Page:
A: I’ve noticed that most Threadless shirts over the years have relied on a centre image on the chest, whereas elsewhere there’s a bit of a trend to use the whole shirt.
R: Yeah. We do that [giant designs] more now. Our best-selling shirts lately have been the all-over prints. One thing that I really like about Threadless is that we print enough shirts that there’s a range. I don’t mean to put down Design By Humans, but it seems like their shtick lately is just kinda giant prints.
R: It’s almost too much, and I think it alienates some people. It’s kinda cool that we can spread out. This [points to shirt – ‘Party Animal‘ by John Hegquist] is a new one. Just a real basic, simple print on the front. But we’re working all these new printers now, too, that have presses that can do these crazy big prints. But there’s not many in the Midwest. We’re based in Chicago; they’re more in LA, which is where Design By Humans is located.
A: American Apparel are there too, aren’t they?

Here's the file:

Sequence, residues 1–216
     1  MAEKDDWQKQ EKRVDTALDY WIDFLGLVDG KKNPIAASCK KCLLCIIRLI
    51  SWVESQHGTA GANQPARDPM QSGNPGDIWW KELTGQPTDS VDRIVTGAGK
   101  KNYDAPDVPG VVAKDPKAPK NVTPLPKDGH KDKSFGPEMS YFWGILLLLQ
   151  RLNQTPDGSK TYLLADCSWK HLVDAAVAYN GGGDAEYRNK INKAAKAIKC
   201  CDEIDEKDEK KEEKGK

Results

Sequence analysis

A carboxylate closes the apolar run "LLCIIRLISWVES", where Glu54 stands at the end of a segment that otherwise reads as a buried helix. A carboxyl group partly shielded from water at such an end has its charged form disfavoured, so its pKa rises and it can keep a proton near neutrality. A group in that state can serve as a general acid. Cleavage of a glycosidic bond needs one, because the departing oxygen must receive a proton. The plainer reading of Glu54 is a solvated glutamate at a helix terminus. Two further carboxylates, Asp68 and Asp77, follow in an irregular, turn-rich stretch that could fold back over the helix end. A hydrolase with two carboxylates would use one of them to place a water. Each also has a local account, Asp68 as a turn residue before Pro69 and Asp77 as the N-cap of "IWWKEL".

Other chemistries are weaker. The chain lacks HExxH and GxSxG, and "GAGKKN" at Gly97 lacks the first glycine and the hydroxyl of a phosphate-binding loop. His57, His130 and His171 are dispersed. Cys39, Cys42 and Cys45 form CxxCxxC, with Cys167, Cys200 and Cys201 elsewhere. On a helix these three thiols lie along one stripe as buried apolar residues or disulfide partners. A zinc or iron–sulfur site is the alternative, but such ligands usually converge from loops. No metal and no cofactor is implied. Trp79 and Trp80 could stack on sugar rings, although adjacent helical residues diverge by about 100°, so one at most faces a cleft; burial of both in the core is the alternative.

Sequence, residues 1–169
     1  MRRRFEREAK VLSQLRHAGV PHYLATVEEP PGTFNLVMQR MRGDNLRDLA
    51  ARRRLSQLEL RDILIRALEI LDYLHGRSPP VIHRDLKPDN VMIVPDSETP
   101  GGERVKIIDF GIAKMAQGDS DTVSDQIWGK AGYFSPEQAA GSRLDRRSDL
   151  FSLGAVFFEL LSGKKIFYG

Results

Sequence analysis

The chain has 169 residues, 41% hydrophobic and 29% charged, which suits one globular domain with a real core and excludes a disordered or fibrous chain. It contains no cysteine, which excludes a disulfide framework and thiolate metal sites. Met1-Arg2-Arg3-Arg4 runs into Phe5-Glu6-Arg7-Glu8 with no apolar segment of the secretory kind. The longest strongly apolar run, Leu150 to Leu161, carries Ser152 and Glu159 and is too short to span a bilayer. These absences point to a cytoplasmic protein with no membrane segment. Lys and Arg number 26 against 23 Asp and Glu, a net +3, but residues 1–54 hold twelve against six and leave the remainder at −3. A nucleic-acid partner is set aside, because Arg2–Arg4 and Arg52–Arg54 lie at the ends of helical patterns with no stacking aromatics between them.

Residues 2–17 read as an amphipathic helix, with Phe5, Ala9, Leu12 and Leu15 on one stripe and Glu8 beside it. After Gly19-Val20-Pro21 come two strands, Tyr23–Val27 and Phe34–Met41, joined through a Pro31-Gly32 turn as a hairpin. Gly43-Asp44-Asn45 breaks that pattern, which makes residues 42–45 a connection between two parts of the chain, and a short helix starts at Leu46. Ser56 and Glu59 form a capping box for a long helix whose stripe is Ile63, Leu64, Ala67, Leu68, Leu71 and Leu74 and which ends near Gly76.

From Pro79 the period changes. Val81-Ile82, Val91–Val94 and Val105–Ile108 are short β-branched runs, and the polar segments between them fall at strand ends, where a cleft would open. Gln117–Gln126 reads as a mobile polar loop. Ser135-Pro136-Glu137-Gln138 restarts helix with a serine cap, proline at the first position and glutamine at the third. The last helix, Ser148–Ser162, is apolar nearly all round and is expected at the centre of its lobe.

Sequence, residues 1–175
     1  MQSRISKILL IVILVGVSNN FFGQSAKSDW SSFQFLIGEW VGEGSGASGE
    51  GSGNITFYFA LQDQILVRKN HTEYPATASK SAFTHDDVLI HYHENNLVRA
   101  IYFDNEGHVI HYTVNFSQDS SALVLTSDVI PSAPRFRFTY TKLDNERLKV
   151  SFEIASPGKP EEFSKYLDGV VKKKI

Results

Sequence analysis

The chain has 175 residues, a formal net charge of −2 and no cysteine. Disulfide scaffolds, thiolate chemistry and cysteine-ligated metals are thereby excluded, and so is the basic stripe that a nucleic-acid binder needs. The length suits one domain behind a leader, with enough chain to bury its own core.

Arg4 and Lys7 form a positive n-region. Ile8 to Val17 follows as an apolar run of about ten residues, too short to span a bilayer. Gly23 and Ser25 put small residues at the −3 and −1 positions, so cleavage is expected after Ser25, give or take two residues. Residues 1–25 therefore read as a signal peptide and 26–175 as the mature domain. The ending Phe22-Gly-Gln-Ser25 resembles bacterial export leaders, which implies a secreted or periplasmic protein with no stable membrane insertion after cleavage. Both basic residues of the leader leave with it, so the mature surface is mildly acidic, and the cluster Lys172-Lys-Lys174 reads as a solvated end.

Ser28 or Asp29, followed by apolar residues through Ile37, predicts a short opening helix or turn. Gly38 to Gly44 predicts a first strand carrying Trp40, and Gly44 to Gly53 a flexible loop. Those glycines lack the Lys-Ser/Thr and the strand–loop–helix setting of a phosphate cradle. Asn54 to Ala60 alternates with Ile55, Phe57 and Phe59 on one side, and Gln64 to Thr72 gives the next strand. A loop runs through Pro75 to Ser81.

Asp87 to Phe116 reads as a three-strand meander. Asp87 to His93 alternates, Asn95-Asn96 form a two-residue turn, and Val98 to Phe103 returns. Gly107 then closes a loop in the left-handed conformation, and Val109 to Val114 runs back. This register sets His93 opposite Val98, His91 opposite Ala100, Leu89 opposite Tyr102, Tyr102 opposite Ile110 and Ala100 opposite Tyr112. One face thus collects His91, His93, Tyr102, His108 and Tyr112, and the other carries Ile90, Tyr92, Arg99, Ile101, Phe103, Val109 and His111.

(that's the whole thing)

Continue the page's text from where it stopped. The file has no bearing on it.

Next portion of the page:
R: Yeah. They’re the ones that make our shirts. But we use two printers out of Chicago, and one of them is getting a brand new giant press, so we’re looking forward to seeing what we can do with that. But lately we’ve been doing more big prints, because that seems to be the trend that’s been coming for three or four years now.
A: Do you think that centre, chest designs kind of define Threadless’ style? Because when I think of Threadless, I think of the simple, character-based shirts, or the clever situations.
R: In the past, yeah, but I think we’re doing a bunch more random stuff now. If you look at our homepage, you can see that a lot of our new ones are trending toward giant prints. And another cool thing that we do is the Bestees, where you can vote on the best t-shirt that we print each month, and the winning designer will get another $2,500.
A: Oh yeah, I heard about that. That’s ridiculous!
R: It’s crazy. Three out of the three that’ve won so far this year are giant tees. [he shows me on his laptop]
A: Oh yeah, that red one is awesome. [‘The Red‘ by Dina Prasetyawan]
R: Yeah, these big prints are all the rage right now. And I think they’re cool, but I like simpler stuff.
A: Do your designs have a particular style?
R: I don’t really have a style. When I come up with something in my head, I have to make it look like that. And I think that is probably one of my problems, that I don’t have a distinctive style. I’m more about the idea than having a style. But no, I’m styleless. (laughs)
A: I’ve seen your stuff, and it’s pretty varied. You range from character-based ones like this, to ones like ‘Infinity MPG’.
R: I found out that one [‘Infinity MPG‘, pictured below] just got ripped, actually. I don’t know why I’m mentioning this, you probably don’t care.